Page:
Northern California Wildfires

Rohnert Park, CA - Region IX

 

Site Contact:

Public Information Officer

R9WildfiresPIO@epa.gov

Rohnert Park, CA 94928
response.epa.gov/northern-california-wildfires



Fires began burning on October 8, 2017, in multiple counties of Northern California. EPA is providing support to the Federal Emergency Management Agency (FEMA), the U.S. Army Corps of Engineers, and state and local partners in the ongoing joint response to the fires.

Si usted tiene preguntas sobre el trabajo de EPA recolectando residuos peligrosos domésticos de propiedades afectadas por los incendios, favor de ver el mapa interactivo explicando el progreso de la respuesta y la hoja de datos “Protegiendo a usted y a su familia de asbesto” o contáctenos al correo electrónico R9WildfiresPIO@epa.gov. ¡Y también tenga cuidado con los estafadores!

Mendocino and Lake counties
In mid-November, FEMA asked EPA to conduct asbestos removal for impacted parcels in Lake and Mendocino counties. EPA began work on November 27 and is working with the U.S. Army Corps of Engineers to identify and remove parcels with asbestos-containing materials. Please consult this fact sheet for information on asbestos and ways to prevent exposure.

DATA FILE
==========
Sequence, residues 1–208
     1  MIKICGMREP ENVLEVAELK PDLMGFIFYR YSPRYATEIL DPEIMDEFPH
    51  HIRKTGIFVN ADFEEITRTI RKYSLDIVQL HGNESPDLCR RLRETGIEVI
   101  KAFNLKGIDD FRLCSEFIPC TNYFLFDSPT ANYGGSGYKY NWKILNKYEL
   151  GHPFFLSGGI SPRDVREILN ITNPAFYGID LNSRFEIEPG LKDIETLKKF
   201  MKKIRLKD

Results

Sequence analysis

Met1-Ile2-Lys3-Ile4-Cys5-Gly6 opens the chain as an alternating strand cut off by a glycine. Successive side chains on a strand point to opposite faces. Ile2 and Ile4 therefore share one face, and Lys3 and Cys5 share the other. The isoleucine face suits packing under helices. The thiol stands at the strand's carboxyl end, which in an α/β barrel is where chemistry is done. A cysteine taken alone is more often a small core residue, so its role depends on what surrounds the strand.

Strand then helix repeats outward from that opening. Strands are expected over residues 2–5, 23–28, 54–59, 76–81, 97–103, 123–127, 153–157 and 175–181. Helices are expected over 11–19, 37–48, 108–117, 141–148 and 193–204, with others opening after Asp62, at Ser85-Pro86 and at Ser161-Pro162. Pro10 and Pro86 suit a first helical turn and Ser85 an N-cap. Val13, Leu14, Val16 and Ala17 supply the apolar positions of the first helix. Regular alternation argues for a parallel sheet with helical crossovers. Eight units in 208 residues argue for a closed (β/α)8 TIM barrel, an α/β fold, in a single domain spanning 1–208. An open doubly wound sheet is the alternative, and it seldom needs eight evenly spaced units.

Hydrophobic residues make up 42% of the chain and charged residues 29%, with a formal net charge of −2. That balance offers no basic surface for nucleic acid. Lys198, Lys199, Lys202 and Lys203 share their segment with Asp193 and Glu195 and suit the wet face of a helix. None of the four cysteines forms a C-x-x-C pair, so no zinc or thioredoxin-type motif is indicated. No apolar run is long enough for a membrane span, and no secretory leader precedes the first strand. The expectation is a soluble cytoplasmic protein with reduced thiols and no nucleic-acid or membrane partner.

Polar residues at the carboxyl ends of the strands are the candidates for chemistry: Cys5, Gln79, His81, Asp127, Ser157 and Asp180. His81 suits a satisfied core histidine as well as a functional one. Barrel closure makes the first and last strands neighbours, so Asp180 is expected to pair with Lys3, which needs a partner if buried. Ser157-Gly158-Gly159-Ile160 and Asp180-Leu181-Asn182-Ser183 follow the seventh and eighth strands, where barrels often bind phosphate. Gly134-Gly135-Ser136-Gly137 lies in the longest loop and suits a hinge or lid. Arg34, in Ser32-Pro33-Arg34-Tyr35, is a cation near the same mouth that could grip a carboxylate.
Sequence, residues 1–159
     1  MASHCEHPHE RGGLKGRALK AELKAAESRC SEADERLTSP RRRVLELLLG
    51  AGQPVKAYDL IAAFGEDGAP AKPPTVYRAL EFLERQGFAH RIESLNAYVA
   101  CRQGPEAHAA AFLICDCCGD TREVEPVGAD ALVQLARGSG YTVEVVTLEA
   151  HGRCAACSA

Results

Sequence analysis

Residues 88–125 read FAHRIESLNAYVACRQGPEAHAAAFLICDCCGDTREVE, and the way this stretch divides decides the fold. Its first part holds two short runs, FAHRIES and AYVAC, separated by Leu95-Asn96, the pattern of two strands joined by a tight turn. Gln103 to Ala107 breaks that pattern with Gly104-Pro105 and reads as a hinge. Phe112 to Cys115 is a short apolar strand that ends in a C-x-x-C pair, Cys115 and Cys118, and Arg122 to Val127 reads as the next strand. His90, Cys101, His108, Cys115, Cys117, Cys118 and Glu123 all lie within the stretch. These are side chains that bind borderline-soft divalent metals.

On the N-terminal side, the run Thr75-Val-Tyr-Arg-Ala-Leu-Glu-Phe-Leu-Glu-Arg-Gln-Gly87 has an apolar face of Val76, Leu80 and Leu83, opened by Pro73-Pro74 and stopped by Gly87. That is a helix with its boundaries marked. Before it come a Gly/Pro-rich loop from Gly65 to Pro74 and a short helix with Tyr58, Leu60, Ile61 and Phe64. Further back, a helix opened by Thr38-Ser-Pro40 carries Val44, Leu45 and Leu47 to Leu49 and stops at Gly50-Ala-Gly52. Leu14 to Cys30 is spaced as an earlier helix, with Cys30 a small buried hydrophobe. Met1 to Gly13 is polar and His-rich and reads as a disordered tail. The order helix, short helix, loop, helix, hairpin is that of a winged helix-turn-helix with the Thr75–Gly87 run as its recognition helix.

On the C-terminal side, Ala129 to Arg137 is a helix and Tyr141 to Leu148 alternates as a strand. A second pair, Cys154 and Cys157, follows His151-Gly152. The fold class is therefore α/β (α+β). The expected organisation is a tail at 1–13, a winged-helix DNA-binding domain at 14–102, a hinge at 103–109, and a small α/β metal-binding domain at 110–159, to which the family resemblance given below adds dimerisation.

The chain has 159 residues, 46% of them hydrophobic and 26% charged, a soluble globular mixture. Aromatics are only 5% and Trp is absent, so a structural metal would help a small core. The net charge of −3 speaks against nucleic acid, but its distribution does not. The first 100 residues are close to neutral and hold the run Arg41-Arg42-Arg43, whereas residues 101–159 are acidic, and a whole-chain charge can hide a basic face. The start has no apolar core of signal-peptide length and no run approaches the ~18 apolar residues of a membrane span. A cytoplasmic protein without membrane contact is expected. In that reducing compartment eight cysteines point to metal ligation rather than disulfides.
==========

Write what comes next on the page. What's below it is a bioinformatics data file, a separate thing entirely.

Napa and Sonoma counties
EPA has led the survey, collection and disposal of household hazardous waste (HHW) at nearly 7,000 residential and commercial parcels affected by the fires in Sonoma and Napa counties. This work clears the way for proper removal of ash and debris, allowing the rebuilding process to begin. EPA is also removing asbestos from burned properties, and collecting and disposing of hazardous drums and containers.

HHW includes leftover household products that can catch fire, react, or explode under certain circumstances, or that are corrosive or toxic. Products such as paints, cleaners, solvents, oils, batteries, herbicides and pesticides can contain hazardous ingredients and require special handling and disposal.

These efforts will reduce potential threats to public health and safety and allow safe removal of solid waste, debris and ash in the fire-affected areas. EPA will coordinate with cities and counties to keep communities informed about the status of the Agency's HHW collection activities.

As of late November, EPA had completed removal of HHW at more than 98% of fire-affected parcels in Napa and Sonoma counties.

Image from Story Map

Click here for a story map that shows in detail the status of EPA’s work on properties in the fire-affected areas of Napa and Sonoma counties.





Note: EPA has learned that people affected by the fires may be receiving fraudulent calls from individuals posing as EPA staff and asking for financial information or offering grant awards. Learn more about what to do if this happens to you.


For additional information, visit the Notices section.